Company G appears to be acting like its own market maker. The buybacks may have had an impact on the company's share price and trading volume, which may subsequently affect the calculations used in its reasonably complex incentive fee structure.

In addition, as the company invests in fairly liquid equity and debt securities, there is information asymmetry. Management is well apprised of its updated net asset value (NAV) whereas shareholders and potential investors only have an outdated figure based on the company's half-yearly results announcements and ad-hoc announcements on its NAV for the first and third quarters. Even for these announcements, there is a lag of about a month to as long as nearly two months (for the full-year results).

Company S has been almost as active in buying back shares, albeit in a slightly different manner. Its 24 share buyback transactions averaged 83 per cent (based on simple average) of the total volume. On 12 of the days, the company buybacks accounted for 100 per cent of the volume traded on SGX, including five consecutive trading days from Jan 14 to 20 when it accounted for 100 per cent of all shares traded except for 100 shares. Company S stopped its buybacks on Feb 24, presumably in preparation for its results announcement on or around March 30. To be fair, although the company's internal code identified a two-week blackout before the announcement of the half yearly results, it appears that it had stopped its buybacks a month before the announcement of its half yearly results.

Nevertheless, for the month of February up to Feb 23, it accounted for 83 per cent of all shares traded by volume. Prior to that, it had conducted share buybacks on 24 out of 36 days.

In Company S's case, there is concern about the impact of the buybacks on its share price. Over the period from Jan 5 to Jan 21, when the company was active on 12 of the 13 trading days, it bought back shares at 24 cents on Jan 5, accounting for 178,400 of the 183,400 shares. During this period, only 123,000 shares were transacted that were not under the share buyback programme while the company bought back 1,098,500 shares, helping to push the share price up to 25 cents. The constant and steady buying by the company led to an upward creep of the maximum price limit. In effect, the company's own action enabled it to buy shares at 25 cents.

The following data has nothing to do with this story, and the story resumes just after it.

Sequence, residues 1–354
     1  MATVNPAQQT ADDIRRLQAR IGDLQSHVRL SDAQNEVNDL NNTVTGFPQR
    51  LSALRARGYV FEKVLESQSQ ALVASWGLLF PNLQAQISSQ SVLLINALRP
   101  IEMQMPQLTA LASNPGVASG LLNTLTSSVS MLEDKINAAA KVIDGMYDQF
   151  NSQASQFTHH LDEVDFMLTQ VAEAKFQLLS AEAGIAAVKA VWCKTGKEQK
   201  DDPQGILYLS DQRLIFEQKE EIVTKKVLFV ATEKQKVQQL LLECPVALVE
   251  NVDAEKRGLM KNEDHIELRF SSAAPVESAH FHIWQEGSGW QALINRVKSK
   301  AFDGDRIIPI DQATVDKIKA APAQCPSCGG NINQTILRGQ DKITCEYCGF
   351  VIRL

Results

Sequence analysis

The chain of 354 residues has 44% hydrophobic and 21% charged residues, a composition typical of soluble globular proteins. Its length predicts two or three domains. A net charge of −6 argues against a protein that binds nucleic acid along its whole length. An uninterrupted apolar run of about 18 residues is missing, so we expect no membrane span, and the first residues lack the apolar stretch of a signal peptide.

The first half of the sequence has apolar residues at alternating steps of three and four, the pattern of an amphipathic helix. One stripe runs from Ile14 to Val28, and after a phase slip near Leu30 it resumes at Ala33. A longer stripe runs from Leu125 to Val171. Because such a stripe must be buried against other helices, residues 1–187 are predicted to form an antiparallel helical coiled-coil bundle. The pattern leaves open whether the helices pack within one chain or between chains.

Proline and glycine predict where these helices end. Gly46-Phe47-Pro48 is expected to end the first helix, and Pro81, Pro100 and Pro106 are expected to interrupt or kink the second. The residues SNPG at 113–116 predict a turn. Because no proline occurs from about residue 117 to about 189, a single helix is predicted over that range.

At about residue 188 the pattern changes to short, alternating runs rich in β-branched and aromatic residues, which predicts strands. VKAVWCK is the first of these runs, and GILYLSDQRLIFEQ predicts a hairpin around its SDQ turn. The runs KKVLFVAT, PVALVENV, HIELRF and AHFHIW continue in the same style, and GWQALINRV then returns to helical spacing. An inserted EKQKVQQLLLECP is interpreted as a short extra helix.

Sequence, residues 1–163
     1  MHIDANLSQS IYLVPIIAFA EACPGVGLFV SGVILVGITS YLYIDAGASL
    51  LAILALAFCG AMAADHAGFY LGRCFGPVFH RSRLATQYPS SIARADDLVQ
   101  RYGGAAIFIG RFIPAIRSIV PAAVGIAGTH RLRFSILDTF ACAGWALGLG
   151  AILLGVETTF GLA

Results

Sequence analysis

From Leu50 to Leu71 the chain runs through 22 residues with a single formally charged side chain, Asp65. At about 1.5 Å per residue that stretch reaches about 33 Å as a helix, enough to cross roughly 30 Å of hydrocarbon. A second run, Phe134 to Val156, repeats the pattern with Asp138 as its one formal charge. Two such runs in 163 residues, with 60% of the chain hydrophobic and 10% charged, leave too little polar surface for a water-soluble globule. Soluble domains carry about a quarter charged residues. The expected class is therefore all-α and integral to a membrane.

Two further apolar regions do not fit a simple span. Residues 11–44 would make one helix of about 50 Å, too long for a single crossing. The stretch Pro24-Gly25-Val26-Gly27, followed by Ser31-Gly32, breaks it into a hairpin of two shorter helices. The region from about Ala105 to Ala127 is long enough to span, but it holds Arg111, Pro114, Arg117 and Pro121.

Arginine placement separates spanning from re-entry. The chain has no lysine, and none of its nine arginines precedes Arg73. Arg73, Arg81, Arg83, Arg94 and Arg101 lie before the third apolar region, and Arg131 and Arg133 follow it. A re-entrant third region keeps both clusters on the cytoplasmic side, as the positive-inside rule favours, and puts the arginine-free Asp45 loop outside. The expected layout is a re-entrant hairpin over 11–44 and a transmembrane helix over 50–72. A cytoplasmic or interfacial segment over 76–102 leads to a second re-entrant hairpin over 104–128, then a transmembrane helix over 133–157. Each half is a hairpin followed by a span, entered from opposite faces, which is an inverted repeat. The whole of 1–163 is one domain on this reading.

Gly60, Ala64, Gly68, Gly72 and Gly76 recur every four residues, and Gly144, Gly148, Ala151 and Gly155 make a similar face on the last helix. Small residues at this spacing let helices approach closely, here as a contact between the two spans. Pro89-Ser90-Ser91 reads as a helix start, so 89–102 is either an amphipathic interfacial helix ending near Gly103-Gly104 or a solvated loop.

The constant buying "pressure" continued through to Feb 23. Its buybacks accounted for 65 per cent of the total volume in 2021, more than double of what SGX Regco deems as reasonable. The share price continued its climb and hit a high of 26.5 cents by the time the company halted its share buy-back activities.

In the case of Company T, its 19 buybacks boosted its trading volume to an average of nearly 2.8 times, while it was nearly 2.9 times for Company M which had bought back its shares on 18 trading days in 2021. Company T and Company M accounted for 43 per cent and 85 per cent of the average daily trading volume on days when they carried out the buybacks.

Curiously and perhaps coincidentally, these four issuers have sizeable exposure to investments in quoted securities, fixed income securities and/or quoted funds. Several other issuers might have affected the volume and/or price of their shares with their buybacks as they significantly exceeded the 30 per cent limit on more than one occasion during the period we looked at - with their buybacks accounting for up to 100 per cent of the daily volume.

TRADING BY DIRECTORS

In the case of Company S, there is also concern with trading by its directors while the company was conducting share buybacks. On Feb 10, its independent director sold 3.1 million of the company's warrants at S$0.001 per warrant for S$3,120. This does not appear to be linked to the share buybacks and also not undertaken for the purpose of benefiting the director since S$0.001 is the lowest traded price on SGX.

However, its executive director bought warrants on Feb 18 at S$0.002 per warrant, even as the company was active in buying back shares during the month. Given that the company's share buybacks appear to have supported and pushed up the share price, the price of the warrants could be affected by the buybacks. To be clear, there has been no sale of warrants by the executive director but we believe that the timing and transactions by the company and its directors could have been better.

ARE DIRECTORS OVERSEEING SHARE BUYBACK PROGRAMMES?

In all the cases where share buybacks were conducted at above the 105 per cent price limit or the 30 per cent volume limit, did the directors provide any oversight of the share buyback programme?

Before embarking on a share buy-back programme, boards of directors should do more to understand the liquidity of their company's shares and determine the pace and scale of their share buyback programme. They must recognise that share buybacks may not be a viable option for companies whose shares are illiquid.

"Honest mistakes", "inadvertent errors" or other excuses should not be accepted for practices that affect the integrity of the market.

  • Chew Yi Hong is an active investor and researcher.
    Mak Yuen Teen is an associate professor of accounting at the NUS Business School where he specialises in corporate governance.

Source: Business Times © Singapore Press Holdings Ltd. Permission required for reproduction.